Description

White Grizzly Bear’s Legacy

Learning to Be Indian

Lawney L. Reyes

  • Published: 2002
  • Subject Listing: Native American Studies
    Memoir
  • Bibliographic information: 216 pp., 16 illus., 6” x 9”
  • Territorial rights: world
  • Series: Naomi B. Pascal Editor's Endowment
  • Contents

"I walked across the highway and stood on the bank overlooking Lake Roosevelt. My attention was directed to the area where Kettle Falls once flowed. As I stood there the wind came. As I listened I imagined that it talked to me. It seemed that it was telling me of how things once were. I began to think of friends and relatives who were no longer living. They began to appear before me, perched on the large rocks, fishing for the great salmon."

In his distinctive voice, Lawney Reyes, grandson of Pic Ah Kelowna or White Grizzly Bear of the Sin Aikst, relates the history of his family and his people. The Sin Aikst are now known as the Lakes tribe, absorbed into the Colville Confederated Tribes of eastern Washington. And where Kettle Falls once flowed and the Sin Aikst once fished are places that exist now only in memory, flooded when the Grand Coulee Dam was completed in 1942. Reyes uses personal and family history to explore the larger forces that have confronted all Native Americans: displacement, acculturation, and the potent force of self-renewal.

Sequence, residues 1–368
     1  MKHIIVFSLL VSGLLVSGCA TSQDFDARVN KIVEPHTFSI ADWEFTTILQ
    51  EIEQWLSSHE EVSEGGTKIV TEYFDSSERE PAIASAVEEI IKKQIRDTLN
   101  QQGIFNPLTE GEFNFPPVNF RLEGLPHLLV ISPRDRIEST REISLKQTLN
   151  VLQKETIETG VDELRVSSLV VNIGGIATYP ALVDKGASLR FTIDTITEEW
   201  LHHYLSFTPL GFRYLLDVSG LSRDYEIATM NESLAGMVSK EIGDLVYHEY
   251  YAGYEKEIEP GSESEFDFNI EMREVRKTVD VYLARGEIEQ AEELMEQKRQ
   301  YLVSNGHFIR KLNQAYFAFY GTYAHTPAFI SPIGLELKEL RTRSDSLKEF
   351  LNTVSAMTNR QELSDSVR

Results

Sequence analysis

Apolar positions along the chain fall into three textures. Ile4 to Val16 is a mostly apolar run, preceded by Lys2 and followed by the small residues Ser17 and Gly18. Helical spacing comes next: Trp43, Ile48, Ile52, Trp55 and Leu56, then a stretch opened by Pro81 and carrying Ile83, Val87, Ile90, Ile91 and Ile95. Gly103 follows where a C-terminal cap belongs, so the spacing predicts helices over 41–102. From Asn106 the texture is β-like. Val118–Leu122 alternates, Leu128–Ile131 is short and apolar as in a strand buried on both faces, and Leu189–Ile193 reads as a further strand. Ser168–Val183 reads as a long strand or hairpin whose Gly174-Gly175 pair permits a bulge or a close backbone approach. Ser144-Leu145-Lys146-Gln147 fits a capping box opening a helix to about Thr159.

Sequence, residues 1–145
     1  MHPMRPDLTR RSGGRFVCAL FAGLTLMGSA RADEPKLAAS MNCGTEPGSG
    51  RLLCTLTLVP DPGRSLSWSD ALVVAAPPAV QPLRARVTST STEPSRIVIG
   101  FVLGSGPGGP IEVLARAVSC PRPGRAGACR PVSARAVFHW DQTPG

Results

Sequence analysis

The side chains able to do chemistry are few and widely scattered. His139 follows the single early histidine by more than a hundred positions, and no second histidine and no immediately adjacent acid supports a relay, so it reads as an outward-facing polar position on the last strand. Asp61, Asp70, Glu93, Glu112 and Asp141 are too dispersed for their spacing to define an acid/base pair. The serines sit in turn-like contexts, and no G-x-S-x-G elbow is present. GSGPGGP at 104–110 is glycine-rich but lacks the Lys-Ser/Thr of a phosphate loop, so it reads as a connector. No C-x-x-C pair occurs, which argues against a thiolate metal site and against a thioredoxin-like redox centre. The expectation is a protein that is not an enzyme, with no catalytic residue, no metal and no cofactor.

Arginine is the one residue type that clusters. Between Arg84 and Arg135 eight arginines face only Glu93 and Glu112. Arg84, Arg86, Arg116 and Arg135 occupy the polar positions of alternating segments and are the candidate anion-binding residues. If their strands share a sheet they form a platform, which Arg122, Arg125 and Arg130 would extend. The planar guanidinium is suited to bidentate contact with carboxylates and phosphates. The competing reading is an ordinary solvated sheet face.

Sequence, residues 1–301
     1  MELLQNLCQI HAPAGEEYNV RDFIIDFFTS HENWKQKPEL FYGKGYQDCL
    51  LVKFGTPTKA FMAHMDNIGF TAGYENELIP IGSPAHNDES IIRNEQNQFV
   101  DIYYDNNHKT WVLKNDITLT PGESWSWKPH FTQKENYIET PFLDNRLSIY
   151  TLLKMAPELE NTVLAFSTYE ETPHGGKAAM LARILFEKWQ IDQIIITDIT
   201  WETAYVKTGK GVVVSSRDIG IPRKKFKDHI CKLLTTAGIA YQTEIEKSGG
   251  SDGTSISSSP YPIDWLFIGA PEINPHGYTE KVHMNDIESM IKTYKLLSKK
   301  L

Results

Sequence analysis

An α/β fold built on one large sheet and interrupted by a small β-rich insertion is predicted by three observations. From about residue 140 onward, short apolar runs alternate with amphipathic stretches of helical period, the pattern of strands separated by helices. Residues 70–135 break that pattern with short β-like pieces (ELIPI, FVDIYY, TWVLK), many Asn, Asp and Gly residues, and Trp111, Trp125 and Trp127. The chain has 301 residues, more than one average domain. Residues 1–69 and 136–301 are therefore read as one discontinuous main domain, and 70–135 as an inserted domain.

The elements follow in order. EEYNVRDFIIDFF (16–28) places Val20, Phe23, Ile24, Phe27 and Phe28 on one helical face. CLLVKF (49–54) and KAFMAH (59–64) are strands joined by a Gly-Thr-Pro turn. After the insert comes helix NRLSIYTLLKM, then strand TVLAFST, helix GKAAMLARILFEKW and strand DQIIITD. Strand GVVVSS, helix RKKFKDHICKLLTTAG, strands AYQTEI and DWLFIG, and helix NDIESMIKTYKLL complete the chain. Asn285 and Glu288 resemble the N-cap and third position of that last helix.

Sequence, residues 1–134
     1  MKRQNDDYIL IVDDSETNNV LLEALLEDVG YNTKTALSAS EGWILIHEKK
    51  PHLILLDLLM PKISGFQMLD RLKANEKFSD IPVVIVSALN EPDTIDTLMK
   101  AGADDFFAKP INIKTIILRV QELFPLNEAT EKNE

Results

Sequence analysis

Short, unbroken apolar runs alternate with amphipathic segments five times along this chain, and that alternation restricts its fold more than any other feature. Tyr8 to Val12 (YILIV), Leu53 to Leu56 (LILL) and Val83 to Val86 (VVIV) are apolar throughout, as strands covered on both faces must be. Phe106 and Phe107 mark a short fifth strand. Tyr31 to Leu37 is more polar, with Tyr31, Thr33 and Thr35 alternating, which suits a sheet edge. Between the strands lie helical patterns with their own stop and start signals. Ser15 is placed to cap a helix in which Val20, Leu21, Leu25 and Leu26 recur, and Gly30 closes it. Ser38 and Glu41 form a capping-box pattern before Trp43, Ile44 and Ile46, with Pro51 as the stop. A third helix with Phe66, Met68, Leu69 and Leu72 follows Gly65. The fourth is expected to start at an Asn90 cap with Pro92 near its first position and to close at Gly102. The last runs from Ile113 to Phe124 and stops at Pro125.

The son of a Filipino immigrant and a mother who traced her ancestry to the earliest known leaders of the Sin Aikst, Reyes paints a vivid picture of his early life in the Indian village of Inchelium, destroyed by the building of the dam. Reyes describes the loss of homeland and traditional ways of life, the scarcities that followed, and the experiences of a court-ordered Indian boarding school in Oregon. These well-known facts of loss and injustice take on a compelling dimension in Reyes’s blend of history and autobiography, brought to life by the vivid images and personalities he describes.

Despite the loss of heritage beneath the waters of the Columbia River and the flood of white acculturation, Reyes and his younger brother, the late Native American leader Bernie Whitebear, were able to fashion rich lives in a changed world, lives that honor the past while engaging with the present.

"White Grizzly Bear’s Legacy gives new insight into the drowning of Kettle Falls, what it was like to live in Old Inchelium as flooding forced people to move, the character of Coulee City during the days of dam construction, boarding school life at Chemawa, being a kid in a logging camp and in an orchard where your dad worked for a season." - Ruth Kirk, author of Exploring Washington’s Past

Lawney L. Reyes is former art director for the Seafirst Corporation and a member of the Seattle Arts Commission. He is a recipient of the Peace and Friendship Award for contributions to American Indian Art and the Governor's Art Award in sculpture. His sculpture has won numerous awards and is held in collections in Europe, Asia, and throughout the United States. He is the author of B Street: The Notorious Playground of Coulee Dam. For more information about the author go to: http://www.lawneyreyes.com
Contents
Preface
Acknowledgments
Reflections
The Sin-Aikst
The Lakes
Kettle Falls
Inchelium
Surviving
Chemawa
Chemawa II
Manila Creek
Moving On
Okanogan
Farewell
Epilogue
Resources
Reviews

"This is a quietly dignified book about a family dealing with very tough times." -Mike Dillon, City Living, April 2013